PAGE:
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Using The Model Business Corporation Act

by Sourav
The Model Business Corporation Act

Model Business Corporation (MBC) was an organization set up to help entrepreneurs set up businesses without going through the process of starting a corporation. Starting a business is time-consuming, expensive, and may create unexpected difficulties later on. On the other hand, a corporation provides many of the protections and guarantees needed by investors. The Model Business Corporation Act (MBCA) attempts to bring uniformity to the laws governing corporations so that there is consistency across the country. This uniformity will help potential entrepreneurs avoid pitfalls when they set up their corporations.
The Model Business Corporation Act was established by the Special Committee on Corporate and Public Corporations of the US House of Representatives and the Senate, along with the American Bar Association, in 1980. Ever since the M BCA has been influencing model acts for state corporate law. Today, it is being followed by 24 states. The MBCA was instrumental in shaping national standards for corporate law.
One provision of the Model Business Corporation Act calls for notice of meetings to be sent by the members to all members and stockholders. These notices provide a general opportunity for members to come together and meet behind closed doors to discuss important matters such as management and budgeting. The general idea behind this provision is to allow for informed discussions within corporations. However, it also requires that any action taken by the members must be in writing and not rely on “verbal or written communications.”
Another provision of the act proposed amendments would allow a corporation to carry on its business for a single year if the Articles of Organization are in order and there have been no meetings of the board of directors. Furthermore, the General Instructions Regarding Corporations would need to be adopted. This is an important provision since the purpose behind the creation of these corporations was to avoid double taxation. If a corporation makes use of this provision and then reverts to the double taxation provision of its home state, then it could be considered a fraudulent activity under the law. The Articles of Organization would need to be altered to prevent double taxation. These modifications would need to be approved by a majority of directors present and signed off on before the corporation can transact business.
Part of the purpose behind the MBCA was to provide general supervision over corporations. It does this through the Memorandum and Articles of Organization. This is the document that contains the basic information required to start a corporation. It also provides information about how the corporation will be managed and advised. It is the main document that is used by state law enforcement agencies when investigating crimes against corporations.
There are some additional stipulations in the Articles of Organization. They state that the corporation must have a registered agent and secretaries if it has more than two directors. The secretary is responsible for ensuring the proper services of a registered agent and will assist in the closing of a corporation’s doors. He or she will also ensure that all of the required paperwork is filed and that the corporation has a registered office.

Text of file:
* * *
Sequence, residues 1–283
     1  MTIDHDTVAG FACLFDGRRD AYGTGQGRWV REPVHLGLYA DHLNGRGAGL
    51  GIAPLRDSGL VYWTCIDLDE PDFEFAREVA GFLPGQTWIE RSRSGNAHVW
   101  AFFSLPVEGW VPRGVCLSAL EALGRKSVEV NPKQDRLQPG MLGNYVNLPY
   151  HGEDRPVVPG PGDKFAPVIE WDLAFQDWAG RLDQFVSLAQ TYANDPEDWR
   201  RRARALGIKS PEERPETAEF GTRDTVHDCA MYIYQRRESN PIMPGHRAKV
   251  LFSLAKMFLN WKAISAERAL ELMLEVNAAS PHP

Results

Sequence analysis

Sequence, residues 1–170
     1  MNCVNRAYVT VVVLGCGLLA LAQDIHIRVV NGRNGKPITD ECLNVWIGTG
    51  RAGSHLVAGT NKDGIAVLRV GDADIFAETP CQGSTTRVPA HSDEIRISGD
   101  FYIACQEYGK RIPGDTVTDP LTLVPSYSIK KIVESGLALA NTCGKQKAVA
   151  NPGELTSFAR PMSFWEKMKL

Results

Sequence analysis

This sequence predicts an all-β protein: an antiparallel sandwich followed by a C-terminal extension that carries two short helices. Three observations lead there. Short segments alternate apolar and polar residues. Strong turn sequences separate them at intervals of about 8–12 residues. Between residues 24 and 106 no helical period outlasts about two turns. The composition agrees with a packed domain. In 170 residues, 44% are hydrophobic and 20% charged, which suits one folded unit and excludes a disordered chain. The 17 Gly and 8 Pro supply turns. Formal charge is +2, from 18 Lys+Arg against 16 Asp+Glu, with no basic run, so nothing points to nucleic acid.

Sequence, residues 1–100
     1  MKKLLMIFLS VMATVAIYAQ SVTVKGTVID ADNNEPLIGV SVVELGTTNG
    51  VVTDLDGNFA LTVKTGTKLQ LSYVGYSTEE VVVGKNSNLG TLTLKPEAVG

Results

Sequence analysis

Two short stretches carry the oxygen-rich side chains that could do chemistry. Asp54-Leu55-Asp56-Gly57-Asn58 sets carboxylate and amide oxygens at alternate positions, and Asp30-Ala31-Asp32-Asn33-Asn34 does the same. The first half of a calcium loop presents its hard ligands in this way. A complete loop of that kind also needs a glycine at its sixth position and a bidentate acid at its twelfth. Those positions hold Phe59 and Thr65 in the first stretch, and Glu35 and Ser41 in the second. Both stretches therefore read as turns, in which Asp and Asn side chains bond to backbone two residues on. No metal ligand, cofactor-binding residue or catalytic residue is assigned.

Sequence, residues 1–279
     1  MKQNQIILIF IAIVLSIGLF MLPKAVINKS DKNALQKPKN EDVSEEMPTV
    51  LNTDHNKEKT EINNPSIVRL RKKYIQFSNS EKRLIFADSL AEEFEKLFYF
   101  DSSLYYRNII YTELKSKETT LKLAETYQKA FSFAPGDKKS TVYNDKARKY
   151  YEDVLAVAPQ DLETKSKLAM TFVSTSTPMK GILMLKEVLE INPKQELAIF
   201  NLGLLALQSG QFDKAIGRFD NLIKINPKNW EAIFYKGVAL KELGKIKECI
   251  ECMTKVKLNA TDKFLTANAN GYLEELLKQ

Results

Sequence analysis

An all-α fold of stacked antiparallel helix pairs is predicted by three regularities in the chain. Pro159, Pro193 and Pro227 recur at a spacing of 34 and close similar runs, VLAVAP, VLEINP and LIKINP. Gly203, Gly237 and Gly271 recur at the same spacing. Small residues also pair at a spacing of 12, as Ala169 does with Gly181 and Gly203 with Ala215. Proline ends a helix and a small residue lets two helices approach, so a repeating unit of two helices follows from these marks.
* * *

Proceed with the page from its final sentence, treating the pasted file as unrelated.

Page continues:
A director of a corporation must not have a registered office within the jurisdiction of his corporation. Also, he or she cannot serve as legal counsel for the company unless he or she has been properly authorized to do so. Each state has its own registered agent rules. A company may have up to five registered agents, but only one director and one secretary at any given time.
The Articles of Organization also include a provision that will allow the shareholders of a corporation to propose by majority a resolution of affirmance or denial of the validity of a corporation’s declaration. This can only be done if the shareholders of a corporation file the proposition with the Secretary of State. If the Secretary of State finds the proposition to be valid, the corporation will then be dissolved. If the shareholders do not propose a resolution of affirmance, the Secretary of State will dissolve the business under the model corporate name act.
The last section of the Articles of Organization is important in that it allows for the annual budget of a business to be set by a registered agent. The registered agent must file the appropriate forms with the treasurer of the county where the corporation is registered. This is important because section 5.04 of the model business corporation act allows for the establishment of a separate, self-governing administrative division. This section is also important because if there is ongoing litigation involving the business, the registered agent can serve as the legal counsel for the company and its shareholders.

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